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Parent’s Playbook: Edwardsburg Public Schools

Published: Sep. 4, 2020 at 6:31 PM EDT
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EDWARDSBURG, Mich. (WNDU) - In today’s Parent’s Playbook, we sit down with another school leader eager to get things started in Michigan.

Our own Tricia Sloma talked with the superintendent of Edwardsburg Public Schools to see what’s in store for the Eddies for their first day of school on Tuesday.

Tricia: Some Michigan schools got waivers to delay their started the school year but not Edwardsburg. Mr. Jim Knoll, the superintendent of the Edwardsburg Eddies joins me now.

Mr. Knoll: Good morning.

Tricia: Your start date was September 8. It never changed. Tell me why.

Mr. Knoll: Our community didn’t really want to change. We wanted to stay after Labor Day. Of course, we have beautiful lakes and wonderful community that wanted to make sure that we have people available, and to enjoy that last weekend. But in, and on top of that with COVID happening in the spring, we just didn’t think it was a good idea to start early, as we wanted to make sure we had good plans for the school year.

Tricia: And it gives you a chance to kind of look around and learn from other school districts. Have you learned a lot?

Mr. Knoll: You know, Tricia, I really didn’t want to say that, but yes that was that’s been a benefit. It is. Watching other school districts and I don’t want to say struggle, but just figure out what works for them has allowed us to look and see what may work for us. So, right on and that’s part of the idea was starting a little bit later so that we can observe other schools, observe other instructional methods to make sure that we were doing the right thing.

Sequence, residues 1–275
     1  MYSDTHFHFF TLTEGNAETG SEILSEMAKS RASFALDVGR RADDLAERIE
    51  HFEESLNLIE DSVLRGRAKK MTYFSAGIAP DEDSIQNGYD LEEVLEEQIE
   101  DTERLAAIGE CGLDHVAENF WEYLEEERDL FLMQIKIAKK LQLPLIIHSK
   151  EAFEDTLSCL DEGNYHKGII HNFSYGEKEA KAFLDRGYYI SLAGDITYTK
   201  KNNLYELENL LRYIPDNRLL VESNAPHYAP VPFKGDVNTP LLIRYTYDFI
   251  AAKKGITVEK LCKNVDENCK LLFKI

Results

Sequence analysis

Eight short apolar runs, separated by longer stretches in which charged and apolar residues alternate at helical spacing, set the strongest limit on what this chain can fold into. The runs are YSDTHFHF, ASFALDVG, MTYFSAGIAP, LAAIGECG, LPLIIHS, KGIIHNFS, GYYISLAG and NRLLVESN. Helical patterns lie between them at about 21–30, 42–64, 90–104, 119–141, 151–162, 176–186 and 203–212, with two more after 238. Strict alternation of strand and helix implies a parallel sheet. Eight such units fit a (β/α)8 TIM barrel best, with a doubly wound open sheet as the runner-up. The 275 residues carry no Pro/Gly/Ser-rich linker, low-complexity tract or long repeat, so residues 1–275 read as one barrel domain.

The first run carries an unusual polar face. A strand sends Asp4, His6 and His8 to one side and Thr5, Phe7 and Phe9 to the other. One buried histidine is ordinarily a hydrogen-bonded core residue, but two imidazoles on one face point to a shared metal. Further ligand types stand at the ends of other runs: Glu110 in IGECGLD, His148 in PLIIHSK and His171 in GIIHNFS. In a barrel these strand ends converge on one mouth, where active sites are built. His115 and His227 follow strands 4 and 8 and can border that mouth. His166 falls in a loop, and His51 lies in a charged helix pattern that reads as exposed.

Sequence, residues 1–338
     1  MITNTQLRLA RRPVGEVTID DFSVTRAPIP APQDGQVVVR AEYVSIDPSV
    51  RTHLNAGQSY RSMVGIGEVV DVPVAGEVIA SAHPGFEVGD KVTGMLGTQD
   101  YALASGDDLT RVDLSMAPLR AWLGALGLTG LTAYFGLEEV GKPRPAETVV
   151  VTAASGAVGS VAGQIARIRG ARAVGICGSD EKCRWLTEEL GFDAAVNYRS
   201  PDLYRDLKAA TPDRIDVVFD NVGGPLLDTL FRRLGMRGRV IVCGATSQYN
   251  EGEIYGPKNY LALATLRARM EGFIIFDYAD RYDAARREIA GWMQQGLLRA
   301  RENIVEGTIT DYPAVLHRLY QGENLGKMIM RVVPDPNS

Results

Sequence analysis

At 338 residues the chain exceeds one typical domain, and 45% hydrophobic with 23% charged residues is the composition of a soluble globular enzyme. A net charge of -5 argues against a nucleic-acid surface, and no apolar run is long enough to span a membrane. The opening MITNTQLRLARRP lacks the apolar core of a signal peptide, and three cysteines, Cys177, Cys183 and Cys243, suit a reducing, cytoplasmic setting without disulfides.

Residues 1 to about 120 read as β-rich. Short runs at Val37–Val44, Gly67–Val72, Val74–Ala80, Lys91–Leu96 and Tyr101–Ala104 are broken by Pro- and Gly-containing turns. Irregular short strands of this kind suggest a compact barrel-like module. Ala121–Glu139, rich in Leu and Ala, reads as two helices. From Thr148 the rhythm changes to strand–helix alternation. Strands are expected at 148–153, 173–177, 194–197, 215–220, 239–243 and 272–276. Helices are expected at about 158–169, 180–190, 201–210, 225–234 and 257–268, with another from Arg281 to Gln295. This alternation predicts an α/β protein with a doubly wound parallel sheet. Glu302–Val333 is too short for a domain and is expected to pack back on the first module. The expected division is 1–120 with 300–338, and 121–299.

Tricia: Well, what are those methods? What learning options are available to the kids at Edwardsburg?

Mr. Knoll: We will start the school year face to face. So, our teachers will be in the classroom. Our students will be on buses and we’ll come in. Along with that, because there’s a lot of families and parents that are a little concerned about this as they should be. We’re going to do a remote program, and a virtual program. The virtual program is an online program, and we’ve asked families if they’re going to make that choice is to take a whole semester with that. So, virtual face to face, in-between there’s a remote option because we realize that we may have students that get sick, so they can follow along with the classroom remotely.

Tricia: How will you manage your safety protocols in-person that face-to-face instruction? What do you plan to do?

Mr. Knoll: Well, clean, clean, clean and social distance. Those are the two big things that as we looked at the roadmap from the state are the most important things to do. So, we’ve hired on extra people. We’re using services to help us get all that cleaning done. Our teacher union and our bus drivers. Everybody’s pitching in to make sure that things are sanitized. That’s really important. But most importantly, wearing masks where we have to, and whenever we have to and then social distancing, and that’s really tough. You know I have three sons, that are ranging from 20 to 26 and I have to constantly remind them, don’t, don’t bunch up, stay apart and, and school age kids are the same way. We’re social animals. We love to be together and Eddie’s are a big, big family. And it’s hard to keep that family apart.

Tricia: I’ve been to your school. I love that school district. And I’m thinking the best for you as you get started back to school. Stay well okay?

Mr. Knoll: I appreciate it. Thank you.

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